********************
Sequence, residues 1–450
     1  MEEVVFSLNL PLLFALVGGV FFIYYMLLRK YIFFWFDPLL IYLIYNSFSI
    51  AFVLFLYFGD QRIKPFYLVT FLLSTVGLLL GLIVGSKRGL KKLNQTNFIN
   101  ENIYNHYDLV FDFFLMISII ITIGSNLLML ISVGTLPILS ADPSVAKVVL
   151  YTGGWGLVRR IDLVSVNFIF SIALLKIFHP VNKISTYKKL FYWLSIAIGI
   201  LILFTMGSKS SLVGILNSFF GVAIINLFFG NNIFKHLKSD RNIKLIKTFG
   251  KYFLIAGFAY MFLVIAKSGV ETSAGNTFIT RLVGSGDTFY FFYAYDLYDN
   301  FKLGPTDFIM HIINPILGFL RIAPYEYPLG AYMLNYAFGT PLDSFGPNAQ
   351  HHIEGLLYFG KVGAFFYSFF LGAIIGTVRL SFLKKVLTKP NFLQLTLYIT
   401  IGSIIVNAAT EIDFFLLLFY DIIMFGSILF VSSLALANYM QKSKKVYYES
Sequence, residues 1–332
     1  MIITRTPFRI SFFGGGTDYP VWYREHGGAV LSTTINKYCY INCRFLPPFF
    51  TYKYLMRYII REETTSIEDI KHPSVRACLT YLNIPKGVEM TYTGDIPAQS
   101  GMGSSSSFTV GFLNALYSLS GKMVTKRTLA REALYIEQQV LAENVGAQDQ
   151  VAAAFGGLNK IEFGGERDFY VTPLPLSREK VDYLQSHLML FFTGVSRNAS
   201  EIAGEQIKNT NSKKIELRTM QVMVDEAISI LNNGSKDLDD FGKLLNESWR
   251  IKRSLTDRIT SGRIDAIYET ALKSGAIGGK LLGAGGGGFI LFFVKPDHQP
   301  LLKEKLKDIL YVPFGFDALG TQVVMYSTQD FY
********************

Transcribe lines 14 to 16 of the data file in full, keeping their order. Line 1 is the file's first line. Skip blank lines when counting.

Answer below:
   101  GMGSSSSFTV GFLNALYSLS GKMVTKRTLA REALYIEQQV LAENVGAQDQ
   151  VAAAFGGLNK IEFGGERDFY VTPLPLSREK VDYLQSHLML FFTGVSRNAS
   201  EIAGEQIKNT NSKKIELRTM QVMVDEAISI LNNGSKDLDD FGKLLNESWR